Yeah, so what is “Ladies and gentlemen, we are floating in space”? It is space rock, shoegaze, ambient, psychedelic rock, free jazz, and gospel, all packaged together in one album. It may sound scattered on paper but it works. And I’ll tell you, the two times I saw the band perform live on tour for this album, they were truly religious type experiences.

It just so happens that my three picks for you are the first three tracks on the album, but that doesn’t mean the rest of the album pales. Far from it. But these are as good a starting point as any. Enjoy.

“Come together”: It’s a droning beast. Heavy handed bass is relentless and the drums crash. Then come the wailing guitars and the crushing and ominous organs, flashes of horns, and a gospel choir somehow makes a jubilant appearance. Yes. All this happens in one song. It’s a chaotic cacophony but as ringmaster and orchestrator, Jason Pierce keeps it all together. It’s a perfect sample of this album, the structure, the sanity just seemingly on the verge of crumbling away. It’s a great tune for earphones because if you turned it up as loudly as you wanted without them, the neighbours would be complaining. Or not. I wouldn’t, if I was that neighbour.

“Ladies and gentlemen we are floating in space”:  The title track opens the album with the aforementioned Kate Radley saying the album’s title on the phone, presumably on an answering machine. There was a lot of conjecture and rumour about whether or not this was a real message left for Pierce but I think that would have been too much really. The song itself is a beauty. Lush strings play with Quindar tones while Pierce sings different lines and melodies in round. It sounds space age and classical (specifically, Pachelbel’s Canon) at the same time. Original versions had Pierce merging in parts of Elvis Presley’s “I can’t help falling in love with you” but they were taken out at the behest of Presley’s estate, though he usually adds them back in when performed live. Either way, it doesn’t get much more heart rending than this.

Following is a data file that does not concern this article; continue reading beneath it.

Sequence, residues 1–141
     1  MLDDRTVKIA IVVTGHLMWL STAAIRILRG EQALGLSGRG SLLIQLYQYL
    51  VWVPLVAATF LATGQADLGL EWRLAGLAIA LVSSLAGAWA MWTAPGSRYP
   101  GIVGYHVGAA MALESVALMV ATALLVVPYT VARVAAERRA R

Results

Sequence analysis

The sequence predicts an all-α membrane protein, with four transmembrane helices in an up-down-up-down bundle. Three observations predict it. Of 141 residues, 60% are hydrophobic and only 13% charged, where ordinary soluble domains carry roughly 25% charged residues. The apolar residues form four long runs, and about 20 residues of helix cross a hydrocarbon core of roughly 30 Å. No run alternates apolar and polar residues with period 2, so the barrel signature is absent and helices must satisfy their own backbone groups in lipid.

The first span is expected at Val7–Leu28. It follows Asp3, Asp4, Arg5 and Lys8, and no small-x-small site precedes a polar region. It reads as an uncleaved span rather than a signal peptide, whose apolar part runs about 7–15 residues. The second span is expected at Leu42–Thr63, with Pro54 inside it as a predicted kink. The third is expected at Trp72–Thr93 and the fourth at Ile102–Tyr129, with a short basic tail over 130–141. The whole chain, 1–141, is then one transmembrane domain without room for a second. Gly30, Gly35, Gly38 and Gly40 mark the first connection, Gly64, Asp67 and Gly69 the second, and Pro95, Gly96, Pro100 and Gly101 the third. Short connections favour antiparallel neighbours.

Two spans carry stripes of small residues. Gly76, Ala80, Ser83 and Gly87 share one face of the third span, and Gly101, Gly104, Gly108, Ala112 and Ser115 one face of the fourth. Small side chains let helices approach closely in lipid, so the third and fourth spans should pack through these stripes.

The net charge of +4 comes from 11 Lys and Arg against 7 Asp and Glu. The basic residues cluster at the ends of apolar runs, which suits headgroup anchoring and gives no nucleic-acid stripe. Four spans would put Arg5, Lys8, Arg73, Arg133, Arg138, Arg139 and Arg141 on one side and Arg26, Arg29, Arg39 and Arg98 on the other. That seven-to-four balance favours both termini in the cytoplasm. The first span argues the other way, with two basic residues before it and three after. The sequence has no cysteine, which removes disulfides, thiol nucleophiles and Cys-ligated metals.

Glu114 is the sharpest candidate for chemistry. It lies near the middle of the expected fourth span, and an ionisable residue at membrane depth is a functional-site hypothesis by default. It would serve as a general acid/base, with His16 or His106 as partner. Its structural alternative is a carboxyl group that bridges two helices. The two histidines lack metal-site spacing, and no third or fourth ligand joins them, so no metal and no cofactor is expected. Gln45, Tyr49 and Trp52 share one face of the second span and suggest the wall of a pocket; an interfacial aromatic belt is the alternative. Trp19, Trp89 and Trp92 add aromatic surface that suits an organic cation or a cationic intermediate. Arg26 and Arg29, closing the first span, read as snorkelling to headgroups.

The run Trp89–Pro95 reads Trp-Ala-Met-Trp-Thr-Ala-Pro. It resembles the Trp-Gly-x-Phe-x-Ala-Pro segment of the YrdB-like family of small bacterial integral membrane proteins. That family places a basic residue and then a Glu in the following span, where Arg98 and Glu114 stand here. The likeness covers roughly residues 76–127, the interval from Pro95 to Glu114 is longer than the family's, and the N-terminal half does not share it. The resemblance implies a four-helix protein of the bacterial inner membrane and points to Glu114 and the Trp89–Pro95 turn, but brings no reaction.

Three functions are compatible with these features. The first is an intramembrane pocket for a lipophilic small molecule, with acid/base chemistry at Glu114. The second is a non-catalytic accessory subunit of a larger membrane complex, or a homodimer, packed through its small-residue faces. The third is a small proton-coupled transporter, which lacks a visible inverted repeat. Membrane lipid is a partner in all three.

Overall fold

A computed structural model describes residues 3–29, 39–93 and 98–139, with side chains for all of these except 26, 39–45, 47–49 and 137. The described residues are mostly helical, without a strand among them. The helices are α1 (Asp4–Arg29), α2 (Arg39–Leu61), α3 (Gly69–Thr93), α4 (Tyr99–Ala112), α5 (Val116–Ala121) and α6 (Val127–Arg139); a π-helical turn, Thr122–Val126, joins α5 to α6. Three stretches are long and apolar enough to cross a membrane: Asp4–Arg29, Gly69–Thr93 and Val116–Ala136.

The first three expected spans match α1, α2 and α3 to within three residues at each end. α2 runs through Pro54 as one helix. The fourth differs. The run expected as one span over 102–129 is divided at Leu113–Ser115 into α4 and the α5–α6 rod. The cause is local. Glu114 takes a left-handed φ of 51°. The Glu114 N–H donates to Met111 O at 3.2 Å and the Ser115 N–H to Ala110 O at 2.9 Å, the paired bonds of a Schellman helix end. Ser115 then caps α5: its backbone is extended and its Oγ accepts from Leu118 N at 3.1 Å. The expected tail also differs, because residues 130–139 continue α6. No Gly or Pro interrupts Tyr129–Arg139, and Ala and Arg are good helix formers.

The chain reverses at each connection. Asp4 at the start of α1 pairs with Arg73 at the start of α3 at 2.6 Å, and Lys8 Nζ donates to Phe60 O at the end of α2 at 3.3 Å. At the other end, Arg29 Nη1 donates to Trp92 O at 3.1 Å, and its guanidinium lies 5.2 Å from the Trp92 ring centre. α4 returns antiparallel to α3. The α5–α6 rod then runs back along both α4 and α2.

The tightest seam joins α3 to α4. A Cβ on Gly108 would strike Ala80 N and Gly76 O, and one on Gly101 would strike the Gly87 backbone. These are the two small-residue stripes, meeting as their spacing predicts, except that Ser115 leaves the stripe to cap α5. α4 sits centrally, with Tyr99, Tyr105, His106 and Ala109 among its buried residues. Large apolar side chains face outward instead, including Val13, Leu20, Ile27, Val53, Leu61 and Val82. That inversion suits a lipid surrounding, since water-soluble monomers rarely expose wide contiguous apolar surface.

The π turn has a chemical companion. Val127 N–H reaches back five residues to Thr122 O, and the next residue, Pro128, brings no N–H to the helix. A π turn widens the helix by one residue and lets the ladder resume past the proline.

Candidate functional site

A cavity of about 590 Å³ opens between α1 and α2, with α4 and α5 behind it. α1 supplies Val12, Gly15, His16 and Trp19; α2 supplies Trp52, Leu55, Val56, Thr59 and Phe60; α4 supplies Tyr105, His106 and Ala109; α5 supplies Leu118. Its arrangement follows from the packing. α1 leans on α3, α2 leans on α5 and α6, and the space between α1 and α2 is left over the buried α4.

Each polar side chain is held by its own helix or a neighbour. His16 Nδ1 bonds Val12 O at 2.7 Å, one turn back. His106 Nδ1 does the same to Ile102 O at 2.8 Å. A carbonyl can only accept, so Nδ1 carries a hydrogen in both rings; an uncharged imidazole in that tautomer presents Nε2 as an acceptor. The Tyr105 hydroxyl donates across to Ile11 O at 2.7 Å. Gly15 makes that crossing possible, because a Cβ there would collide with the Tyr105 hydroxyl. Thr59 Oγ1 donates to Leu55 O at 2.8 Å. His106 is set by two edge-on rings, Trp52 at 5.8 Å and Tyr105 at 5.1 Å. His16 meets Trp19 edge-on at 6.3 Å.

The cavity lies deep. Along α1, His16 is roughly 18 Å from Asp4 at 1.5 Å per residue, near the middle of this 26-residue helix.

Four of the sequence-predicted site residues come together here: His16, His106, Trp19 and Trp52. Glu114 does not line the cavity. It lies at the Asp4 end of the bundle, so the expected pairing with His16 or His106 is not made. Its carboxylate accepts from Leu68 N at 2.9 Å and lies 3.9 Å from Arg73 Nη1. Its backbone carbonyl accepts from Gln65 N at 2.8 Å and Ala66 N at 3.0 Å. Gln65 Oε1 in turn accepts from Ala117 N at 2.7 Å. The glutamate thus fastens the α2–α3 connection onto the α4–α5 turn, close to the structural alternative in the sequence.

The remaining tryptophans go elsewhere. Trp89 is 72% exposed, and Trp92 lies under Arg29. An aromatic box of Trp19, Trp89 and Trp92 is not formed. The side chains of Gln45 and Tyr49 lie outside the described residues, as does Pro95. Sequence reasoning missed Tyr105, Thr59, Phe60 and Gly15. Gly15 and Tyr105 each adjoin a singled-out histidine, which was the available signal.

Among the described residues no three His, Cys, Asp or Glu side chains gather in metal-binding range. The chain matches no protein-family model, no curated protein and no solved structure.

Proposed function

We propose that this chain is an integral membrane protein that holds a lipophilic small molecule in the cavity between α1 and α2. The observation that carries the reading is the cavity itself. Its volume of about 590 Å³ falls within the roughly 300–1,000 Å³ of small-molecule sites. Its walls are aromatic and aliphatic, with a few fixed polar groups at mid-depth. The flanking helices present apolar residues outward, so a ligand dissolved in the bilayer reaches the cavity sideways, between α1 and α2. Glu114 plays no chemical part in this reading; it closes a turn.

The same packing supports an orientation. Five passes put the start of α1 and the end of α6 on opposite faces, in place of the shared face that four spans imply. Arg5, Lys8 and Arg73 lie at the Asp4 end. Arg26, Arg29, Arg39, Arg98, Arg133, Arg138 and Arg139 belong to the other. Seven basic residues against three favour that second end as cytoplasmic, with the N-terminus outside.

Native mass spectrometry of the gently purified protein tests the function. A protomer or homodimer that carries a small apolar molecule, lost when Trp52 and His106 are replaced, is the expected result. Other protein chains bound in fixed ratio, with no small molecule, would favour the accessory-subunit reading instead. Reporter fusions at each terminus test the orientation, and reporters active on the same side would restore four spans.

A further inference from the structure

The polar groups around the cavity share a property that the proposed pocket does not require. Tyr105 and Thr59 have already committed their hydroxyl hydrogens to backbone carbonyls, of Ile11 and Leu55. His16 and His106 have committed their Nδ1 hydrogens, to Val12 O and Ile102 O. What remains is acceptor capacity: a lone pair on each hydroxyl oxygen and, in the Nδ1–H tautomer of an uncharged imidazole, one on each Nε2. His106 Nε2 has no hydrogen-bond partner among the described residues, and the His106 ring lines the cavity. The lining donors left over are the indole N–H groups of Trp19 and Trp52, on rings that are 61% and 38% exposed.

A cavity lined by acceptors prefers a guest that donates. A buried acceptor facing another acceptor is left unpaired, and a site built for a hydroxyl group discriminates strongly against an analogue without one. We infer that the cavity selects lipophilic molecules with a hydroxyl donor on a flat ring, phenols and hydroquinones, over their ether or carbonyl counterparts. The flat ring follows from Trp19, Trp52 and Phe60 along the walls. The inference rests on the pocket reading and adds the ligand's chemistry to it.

“I think I’m in love”: I don’t know how true it is but I’ve heard the only reason Jason Pierce let The Chemical Brothers remix this track was to somehow prove to them that the perfectly timed drum beat that wends through the song’s back end was recorded live, not by a machine. And while it is remarkable, that rhythm is only one piece of this fantastic masterpiece. Its eight minutes is divided in two parts or movements. The first is blissed out psychedelia: bass, washes, harmonicas, all floating in the ether with Pierce’s drugged up vocals. After about three minutes of this, the drums kick in and everything comes alive. Pierce’s vocals become a call and response, by turns, optimistic and cynical. “I think I can fly. Probably just falling.” So awesome. So sad. So brilliant.